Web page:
Senate follows House, puts sanctions on Russia, Iran, North Korea
The US Senate passed a bill imposing sanctions on Russia, Iran, and North Korea two votes short of unanimous approval 2 days after it was approved by the US House. Sens. Rand Paul (R-Ky.) and Bernie Sanders (I-Vt.) cast the only nay votes in the July 27 balloting for HR 3364. The measure won House approval by 419 to three votes 2 days earlier.
The US Senate passed a bill imposing sanctions on Russia, Iran, and North Korea two votes short of unanimous approval 2 days after it was approved by the US House. Sens. Rand Paul (R-Ky.) and Bernie Sanders (I-Vt.) cast the only nay votes in the July 27 balloting for HR 3364. The measure won House approval by 419 to three votes 2 days earlier (OGJ Online, July 26, 2017).
The bill is headed next to the White House, where it was not immediately clear whether President Donald J. Trump would sign it. Margins of passage in both houses of the 115th Congress indicated that a veto could be overridden.
The measure matters to the oil and gas industry because Russia and Iran are both major exporters. But its Senate passage renewed concerns the American Fuel & Petrochemical Manufacturers expressed earlier that US sanctions might be imposed on Venezuela and inadvertently harm domestic refiners (OGJ Online, July 10, 2017).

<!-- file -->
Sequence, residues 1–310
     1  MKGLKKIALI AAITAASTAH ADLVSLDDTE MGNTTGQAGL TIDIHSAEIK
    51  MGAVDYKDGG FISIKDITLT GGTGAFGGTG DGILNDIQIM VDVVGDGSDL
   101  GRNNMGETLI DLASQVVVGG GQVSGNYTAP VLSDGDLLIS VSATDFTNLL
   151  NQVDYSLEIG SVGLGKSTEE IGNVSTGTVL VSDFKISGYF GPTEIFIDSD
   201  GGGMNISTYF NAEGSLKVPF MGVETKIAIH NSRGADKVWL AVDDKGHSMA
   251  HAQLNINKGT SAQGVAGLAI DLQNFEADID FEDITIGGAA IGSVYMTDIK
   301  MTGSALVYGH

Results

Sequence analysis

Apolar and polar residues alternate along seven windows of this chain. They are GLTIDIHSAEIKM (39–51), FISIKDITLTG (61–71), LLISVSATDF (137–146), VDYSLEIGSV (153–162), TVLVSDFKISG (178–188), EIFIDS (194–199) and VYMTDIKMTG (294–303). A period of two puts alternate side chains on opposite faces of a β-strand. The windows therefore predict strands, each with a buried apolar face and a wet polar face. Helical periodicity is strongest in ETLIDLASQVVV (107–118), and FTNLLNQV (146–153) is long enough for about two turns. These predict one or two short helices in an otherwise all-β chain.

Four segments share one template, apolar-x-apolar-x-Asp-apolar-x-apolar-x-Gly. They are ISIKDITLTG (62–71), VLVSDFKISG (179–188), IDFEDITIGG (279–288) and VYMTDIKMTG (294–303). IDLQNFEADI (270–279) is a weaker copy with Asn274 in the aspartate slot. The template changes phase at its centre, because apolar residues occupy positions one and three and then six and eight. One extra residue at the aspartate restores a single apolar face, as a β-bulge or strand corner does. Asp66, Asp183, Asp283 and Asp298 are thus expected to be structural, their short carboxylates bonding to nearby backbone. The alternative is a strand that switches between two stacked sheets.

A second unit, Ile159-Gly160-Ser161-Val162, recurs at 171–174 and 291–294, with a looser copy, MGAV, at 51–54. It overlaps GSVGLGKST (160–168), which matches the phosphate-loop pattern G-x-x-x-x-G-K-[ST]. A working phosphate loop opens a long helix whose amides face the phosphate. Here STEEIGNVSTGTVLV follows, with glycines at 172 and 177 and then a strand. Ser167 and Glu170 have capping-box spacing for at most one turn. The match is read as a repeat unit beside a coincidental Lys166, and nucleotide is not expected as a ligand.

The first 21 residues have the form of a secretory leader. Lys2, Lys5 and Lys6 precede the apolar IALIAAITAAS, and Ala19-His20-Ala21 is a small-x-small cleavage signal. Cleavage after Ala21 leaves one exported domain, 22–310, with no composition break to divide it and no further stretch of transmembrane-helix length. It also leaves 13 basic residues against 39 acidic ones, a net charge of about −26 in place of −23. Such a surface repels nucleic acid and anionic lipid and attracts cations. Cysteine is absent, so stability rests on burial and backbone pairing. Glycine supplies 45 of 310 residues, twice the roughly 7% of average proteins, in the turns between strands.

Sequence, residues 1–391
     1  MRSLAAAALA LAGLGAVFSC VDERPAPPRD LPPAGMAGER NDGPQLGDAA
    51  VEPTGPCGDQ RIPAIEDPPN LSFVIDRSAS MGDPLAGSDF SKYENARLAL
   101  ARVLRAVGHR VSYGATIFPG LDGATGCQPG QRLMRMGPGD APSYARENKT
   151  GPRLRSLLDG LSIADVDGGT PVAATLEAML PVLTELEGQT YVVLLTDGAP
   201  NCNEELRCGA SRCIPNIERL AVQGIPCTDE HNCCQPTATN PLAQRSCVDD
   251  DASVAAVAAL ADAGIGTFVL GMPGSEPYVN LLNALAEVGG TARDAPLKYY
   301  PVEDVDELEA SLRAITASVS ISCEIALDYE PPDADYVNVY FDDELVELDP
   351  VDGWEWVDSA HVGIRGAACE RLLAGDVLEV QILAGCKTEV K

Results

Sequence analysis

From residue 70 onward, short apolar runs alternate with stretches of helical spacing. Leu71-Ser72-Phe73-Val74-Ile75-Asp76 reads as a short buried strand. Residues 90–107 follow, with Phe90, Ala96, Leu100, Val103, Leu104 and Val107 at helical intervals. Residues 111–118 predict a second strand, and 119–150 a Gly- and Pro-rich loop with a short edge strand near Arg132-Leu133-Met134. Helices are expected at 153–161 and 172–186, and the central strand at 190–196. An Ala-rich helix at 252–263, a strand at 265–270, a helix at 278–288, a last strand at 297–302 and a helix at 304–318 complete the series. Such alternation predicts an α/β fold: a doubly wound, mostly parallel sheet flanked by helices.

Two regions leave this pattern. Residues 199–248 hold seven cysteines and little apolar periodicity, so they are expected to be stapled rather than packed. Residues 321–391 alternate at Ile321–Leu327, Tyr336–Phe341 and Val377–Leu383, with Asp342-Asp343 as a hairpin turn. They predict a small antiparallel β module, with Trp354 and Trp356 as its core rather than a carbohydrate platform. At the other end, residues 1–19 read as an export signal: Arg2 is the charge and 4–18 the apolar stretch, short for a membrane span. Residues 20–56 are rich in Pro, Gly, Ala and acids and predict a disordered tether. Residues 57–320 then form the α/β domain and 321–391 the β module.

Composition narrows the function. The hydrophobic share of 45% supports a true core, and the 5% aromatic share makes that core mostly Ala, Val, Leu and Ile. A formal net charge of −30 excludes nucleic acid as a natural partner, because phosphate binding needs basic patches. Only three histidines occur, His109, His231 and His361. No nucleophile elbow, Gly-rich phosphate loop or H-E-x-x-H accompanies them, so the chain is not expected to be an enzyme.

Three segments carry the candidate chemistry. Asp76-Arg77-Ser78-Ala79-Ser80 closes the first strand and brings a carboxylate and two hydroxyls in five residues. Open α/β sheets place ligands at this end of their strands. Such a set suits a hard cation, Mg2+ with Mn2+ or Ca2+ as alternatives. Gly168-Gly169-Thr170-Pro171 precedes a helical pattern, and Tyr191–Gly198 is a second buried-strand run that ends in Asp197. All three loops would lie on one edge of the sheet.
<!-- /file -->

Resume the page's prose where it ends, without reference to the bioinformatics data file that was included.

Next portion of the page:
In a July 27 letter to Trump and other administration officials, AFPM Pres. Chet Thompson said that the trade association supports the administration’s goal of bringing stability to Venezuela but warned that sectoral sanctions could harm US businesses and consumers because:
• Venezuelan crude supplies more than 20 US refineries primarily along the East and Gulf Coasts that have made substantial investments to process the heavy grade.
• Sanctions could destabilize heavy crude markets as the refiners seek replacement supplies elsewhere at likely higher prices.
• US heavy crude refiners would need to turn to Canada, which supplies about half of what the US imports of that grade; Mexico, which supplies 12%; and Colombia, which supplies 8%. “East Coast refineries lack direct access to Canadian production, and as a result, transportation would be shipped using some combination of rail and marine that would be prohibitively costly,” Thompson said.
• Higher crude costs likely would lead to higher retail oil product prices and make US processors less competitive in the global refined products market.
• And extending sanctions beyond crude imports likely would have additional adverse impacts because US refineries supply 50,000-75,000 b/d primarily of gasoline and diesel fuel to Venezuela. That country could make that up easily from the well-supplied Atlantic Basin product market while US refiners try to find alternative, less economic outlets, AFPM’s president explained.
“In short, sanctions on Venezuela’s energy sector will likely harm US businesses and consumers, while failing to address the very real issues in Venezuela,” Thompson said in his letter.
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